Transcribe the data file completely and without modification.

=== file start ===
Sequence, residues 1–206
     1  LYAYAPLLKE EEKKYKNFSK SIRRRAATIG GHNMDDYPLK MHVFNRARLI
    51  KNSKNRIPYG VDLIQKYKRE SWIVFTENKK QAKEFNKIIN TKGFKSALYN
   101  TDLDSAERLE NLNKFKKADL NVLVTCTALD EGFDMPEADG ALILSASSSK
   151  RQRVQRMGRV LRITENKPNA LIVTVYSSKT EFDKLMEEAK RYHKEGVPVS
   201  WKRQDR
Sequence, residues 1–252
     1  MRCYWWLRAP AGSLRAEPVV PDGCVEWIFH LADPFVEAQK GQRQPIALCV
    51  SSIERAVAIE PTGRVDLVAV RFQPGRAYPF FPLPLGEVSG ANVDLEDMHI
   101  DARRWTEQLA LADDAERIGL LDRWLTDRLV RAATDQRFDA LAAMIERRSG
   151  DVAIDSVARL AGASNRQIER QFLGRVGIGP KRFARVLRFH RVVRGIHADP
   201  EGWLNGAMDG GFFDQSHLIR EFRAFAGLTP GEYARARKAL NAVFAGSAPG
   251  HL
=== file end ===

Sequence, residues 1–206
     1  LYAYAPLLKE EEKKYKNFSK SIRRRAATIG GHNMDDYPLK MHVFNRARLI
    51  KNSKNRIPYG VDLIQKYKRE SWIVFTENKK QAKEFNKIIN TKGFKSALYN
   101  TDLDSAERLE NLNKFKKADL NVLVTCTALD EGFDMPEADG ALILSASSSK
   151  RQRVQRMGRV LRITENKPNA LIVTVYSSKT EFDKLMEEAK RYHKEGVPVS
   201  WKRQDR
Sequence, residues 1–252
     1  MRCYWWLRAP AGSLRAEPVV PDGCVEWIFH LADPFVEAQK GQRQPIALCV
    51  SSIERAVAIE PTGRVDLVAV RFQPGRAYPF FPLPLGEVSG ANVDLEDMHI
   101  DARRWTEQLA LADDAERIGL LDRWLTDRLV RAATDQRFDA LAAMIERRSG
   151  DVAIDSVARL AGASNRQIER QFLGRVGIGP KRFARVLRFH RVVRGIHADP
   201  EGWLNGAMDG GFFDQSHLIR EFRAFAGLTP GEYARARKAL NAVFAGSAPG
   251  HL